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A Heartbeat Away Hardcover – February 15, 2011

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Product Details

  • Hardcover: 416 pages
  • Publisher: St. Martin's Press; First Edition edition (February 15, 2011)
  • Language: English
  • ISBN-10: 031258752X
  • ISBN-13: 978-0312587529
  • Product Dimensions: 9.4 x 6.5 x 1.4 inches
  • Shipping Weight: 1.3 pounds (View shipping rates and policies)
  • Average Customer Review: 3.8 out of 5 stars  See all reviews (148 customer reviews)
  • Amazon Best Sellers Rank: #757,174 in Books (See Top 100 in Books)

Editorial Reviews

From Publishers Weekly

Palmer (The Last Surgeon) offers a nifty plot premise in this high-concept medical thriller, but a plethora of subplots distracts from the more interesting primary issue. As the U.S. president, James Allaire, is beginning his State of the Union address, a number of small containers of a viral agent explode and infect the more than 700 people, including every important member of the government except the director of homeland security, who have gathered in the House chamber. The Capitol must be sealed off and the infected audience held inside until a cure for the disease can be found. The plotters behind the attack, a group of domestic terrorists known as Genesis, demand, among other things, that the government abolish the Patriot Act and cease unchecked spying on ordinary Americans. Overblown prose does little to make the implausible scenario more believable. Readers with a low tolerance for the hyperbolic are advised to give this one a pass. (Feb.)
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From Booklist

Palmer’s early novels were smoothly written, tightly plotted, and memorable. Lately he’s had his ups and downs—more downs than ups, unfortunately—and his latest medical thriller sort of straddles the two. On the upside, it’s got a wicked cool story. Terrorists have let loose a highly virulent virus in the Capitol building on the night of the State of the Union address, forcing the president to lock down the building, trapping inside most of the hierarchy of the American government. Only Griffin Rhodes, a virologist who’s been in prison for allegedly trying to steal the same virus from a research lab, can save the day. On the downside, the writing is, at best, mediocre. The characters are thinly drawn, and the dialogue is wooden and clumsy. This could have been a first-rate thriller; instead, it’s a novel that depends on our loyalty to the author and our interest in its plot, not its characters, to keep us reading. Palmer continues to command an audience, but this is not his best work. HIGH-DEMAND BACKSTORY: Palmer’s track record (15 medical thrillers, 15 international best-sellers) assures a full-court press on the promotional front, and his latest, though disappointing, will get it, from national print and radio ads to an electronic avalanche. --David Pitt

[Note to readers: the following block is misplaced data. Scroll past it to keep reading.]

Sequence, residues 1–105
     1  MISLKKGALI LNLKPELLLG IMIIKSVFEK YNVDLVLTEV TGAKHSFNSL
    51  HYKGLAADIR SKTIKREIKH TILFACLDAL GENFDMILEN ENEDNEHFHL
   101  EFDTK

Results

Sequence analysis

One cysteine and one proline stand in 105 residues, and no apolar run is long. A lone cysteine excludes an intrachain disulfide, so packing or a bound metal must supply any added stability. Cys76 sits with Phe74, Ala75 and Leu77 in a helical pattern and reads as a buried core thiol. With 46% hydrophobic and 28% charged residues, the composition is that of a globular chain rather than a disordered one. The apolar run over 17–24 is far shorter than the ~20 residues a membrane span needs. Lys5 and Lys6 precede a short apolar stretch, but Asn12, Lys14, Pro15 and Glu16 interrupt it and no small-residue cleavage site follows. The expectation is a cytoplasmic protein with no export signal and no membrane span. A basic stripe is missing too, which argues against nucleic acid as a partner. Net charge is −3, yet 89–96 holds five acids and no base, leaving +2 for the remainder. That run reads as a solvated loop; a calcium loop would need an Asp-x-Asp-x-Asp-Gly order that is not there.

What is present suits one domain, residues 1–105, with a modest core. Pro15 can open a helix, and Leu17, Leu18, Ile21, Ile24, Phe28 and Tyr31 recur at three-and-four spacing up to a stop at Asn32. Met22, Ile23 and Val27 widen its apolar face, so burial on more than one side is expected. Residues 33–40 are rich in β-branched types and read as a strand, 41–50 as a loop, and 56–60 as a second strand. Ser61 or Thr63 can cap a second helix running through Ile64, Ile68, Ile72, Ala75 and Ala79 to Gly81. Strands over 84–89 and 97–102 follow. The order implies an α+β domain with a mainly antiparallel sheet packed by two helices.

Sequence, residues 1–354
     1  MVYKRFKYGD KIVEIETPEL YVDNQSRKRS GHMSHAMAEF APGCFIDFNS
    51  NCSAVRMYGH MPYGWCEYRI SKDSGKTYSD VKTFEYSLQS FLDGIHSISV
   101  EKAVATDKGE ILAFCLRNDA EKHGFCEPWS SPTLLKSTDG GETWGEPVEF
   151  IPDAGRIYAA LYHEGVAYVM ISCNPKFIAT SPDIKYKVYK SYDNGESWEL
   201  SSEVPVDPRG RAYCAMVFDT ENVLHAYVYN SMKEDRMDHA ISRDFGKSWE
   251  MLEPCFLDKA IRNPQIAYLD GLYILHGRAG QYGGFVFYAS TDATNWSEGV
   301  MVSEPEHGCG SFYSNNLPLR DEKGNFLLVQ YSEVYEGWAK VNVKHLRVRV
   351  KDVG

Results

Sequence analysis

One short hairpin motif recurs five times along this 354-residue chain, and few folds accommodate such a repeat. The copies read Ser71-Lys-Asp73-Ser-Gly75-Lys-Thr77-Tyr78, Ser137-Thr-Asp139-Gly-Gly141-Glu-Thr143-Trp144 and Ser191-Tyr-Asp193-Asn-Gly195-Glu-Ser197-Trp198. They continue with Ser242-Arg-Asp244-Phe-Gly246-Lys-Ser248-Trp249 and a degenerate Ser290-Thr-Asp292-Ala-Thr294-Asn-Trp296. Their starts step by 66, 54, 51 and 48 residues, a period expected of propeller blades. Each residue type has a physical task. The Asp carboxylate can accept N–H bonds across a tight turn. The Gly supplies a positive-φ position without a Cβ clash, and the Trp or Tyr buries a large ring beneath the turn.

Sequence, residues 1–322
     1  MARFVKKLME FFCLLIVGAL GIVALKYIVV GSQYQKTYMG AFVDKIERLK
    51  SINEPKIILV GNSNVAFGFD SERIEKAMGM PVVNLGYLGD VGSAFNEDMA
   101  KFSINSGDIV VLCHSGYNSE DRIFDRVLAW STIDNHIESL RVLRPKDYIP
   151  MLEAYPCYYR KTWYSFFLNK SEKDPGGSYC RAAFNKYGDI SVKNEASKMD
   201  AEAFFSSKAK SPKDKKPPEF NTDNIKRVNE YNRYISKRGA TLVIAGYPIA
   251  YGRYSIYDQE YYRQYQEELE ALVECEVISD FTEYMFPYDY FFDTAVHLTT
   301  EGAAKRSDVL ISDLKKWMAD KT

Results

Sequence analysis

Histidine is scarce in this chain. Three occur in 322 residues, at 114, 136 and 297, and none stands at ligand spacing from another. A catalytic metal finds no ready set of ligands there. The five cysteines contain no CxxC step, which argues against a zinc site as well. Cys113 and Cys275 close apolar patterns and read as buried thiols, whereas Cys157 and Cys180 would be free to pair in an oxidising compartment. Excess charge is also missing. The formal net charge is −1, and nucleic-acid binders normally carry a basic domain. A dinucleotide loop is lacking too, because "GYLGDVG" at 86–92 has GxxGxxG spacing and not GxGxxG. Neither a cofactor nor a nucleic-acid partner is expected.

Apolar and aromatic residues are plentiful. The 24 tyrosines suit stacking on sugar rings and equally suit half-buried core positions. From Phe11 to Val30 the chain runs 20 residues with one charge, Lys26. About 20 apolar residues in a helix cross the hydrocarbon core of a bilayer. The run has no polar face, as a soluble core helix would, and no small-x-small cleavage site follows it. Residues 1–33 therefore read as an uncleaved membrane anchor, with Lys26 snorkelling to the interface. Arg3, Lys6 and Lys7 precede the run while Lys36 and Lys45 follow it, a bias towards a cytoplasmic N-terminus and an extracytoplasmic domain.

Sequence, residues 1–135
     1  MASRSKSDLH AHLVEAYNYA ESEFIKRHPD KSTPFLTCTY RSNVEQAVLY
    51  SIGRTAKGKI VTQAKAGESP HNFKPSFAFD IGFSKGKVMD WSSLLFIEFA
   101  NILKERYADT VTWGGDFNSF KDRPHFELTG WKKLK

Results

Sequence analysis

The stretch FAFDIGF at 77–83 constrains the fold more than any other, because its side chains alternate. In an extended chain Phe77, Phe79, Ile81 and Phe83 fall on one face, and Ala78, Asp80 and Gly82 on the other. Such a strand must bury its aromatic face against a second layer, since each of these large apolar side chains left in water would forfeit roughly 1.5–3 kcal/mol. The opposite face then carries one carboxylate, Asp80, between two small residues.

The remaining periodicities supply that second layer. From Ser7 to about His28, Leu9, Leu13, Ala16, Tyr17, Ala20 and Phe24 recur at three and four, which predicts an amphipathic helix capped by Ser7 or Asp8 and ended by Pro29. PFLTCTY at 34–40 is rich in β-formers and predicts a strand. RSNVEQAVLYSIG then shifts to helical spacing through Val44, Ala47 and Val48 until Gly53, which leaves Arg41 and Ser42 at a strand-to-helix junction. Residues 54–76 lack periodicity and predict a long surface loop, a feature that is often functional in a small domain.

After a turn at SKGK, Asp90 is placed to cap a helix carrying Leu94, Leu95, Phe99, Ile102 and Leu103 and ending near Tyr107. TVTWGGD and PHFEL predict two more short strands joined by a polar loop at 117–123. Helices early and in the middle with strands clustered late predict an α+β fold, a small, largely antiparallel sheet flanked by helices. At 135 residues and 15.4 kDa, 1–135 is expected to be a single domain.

More About the Author

Michael Palmer, medical thriller author and physician, died unexpectedly on October 30, 2013. Michael wrote 18 novels of medical and political suspense, all international bestsellers. In addition to writing, Palmer served as an associate director of the Massachusetts Medical Society Physician Health Services, devoted to helping physicians troubled by mental illness, physical illness, behavioral issues, and chemical dependency. His 19th novel RESISTANT will be released on May 20, 2014.

Customer Reviews

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Most Helpful Customer Reviews